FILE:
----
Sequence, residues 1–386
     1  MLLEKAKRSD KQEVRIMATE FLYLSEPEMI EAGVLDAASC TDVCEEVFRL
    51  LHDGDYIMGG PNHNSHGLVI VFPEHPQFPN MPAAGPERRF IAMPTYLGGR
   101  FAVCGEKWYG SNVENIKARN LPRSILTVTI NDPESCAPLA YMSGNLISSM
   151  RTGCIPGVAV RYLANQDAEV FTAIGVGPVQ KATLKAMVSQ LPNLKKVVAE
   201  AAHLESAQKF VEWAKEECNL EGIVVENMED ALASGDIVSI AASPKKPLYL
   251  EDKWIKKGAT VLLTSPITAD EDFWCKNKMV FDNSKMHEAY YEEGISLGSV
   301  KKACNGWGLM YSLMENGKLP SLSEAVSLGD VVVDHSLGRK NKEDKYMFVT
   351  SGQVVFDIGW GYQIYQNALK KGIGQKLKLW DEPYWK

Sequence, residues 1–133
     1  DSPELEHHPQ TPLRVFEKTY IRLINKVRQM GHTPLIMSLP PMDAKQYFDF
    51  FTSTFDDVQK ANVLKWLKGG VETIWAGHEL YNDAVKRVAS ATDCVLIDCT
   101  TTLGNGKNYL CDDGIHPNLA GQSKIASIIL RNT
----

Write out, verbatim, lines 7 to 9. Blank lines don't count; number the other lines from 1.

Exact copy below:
   251  EDKWIKKGAT VLLTSPITAD EDFWCKNKMV FDNSKMHEAY YEEGISLGSV
   301  KKACNGWGLM YSLMENGKLP SLSEAVSLGD VVVDHSLGRK NKEDKYMFVT
   351  SGQVVFDIGW GYQIYQNALK KGIGQKLKLW DEPYWK